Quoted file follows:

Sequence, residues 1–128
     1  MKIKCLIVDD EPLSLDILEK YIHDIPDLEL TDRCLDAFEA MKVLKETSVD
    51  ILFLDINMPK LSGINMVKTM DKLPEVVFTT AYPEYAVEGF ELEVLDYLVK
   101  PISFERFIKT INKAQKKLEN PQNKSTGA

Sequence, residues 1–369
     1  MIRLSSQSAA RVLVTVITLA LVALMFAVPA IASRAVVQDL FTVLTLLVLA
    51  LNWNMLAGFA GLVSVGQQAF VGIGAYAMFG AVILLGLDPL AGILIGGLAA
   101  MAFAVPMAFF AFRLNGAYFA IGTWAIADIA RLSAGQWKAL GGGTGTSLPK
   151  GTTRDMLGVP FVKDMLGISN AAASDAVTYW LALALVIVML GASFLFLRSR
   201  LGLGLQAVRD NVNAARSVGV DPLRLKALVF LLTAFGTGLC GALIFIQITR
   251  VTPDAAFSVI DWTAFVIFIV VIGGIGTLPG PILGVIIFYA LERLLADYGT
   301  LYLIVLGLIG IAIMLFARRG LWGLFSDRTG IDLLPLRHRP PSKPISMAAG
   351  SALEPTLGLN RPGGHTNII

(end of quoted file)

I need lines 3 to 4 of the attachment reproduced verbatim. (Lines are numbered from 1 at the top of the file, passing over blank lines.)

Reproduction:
    51  ILFLDINMPK LSGINMVKTM DKLPEVVFTT AYPEYAVEGF ELEVLDYLVK
   101  PISFERFIKT INKAQKKLEN PQNKSTGA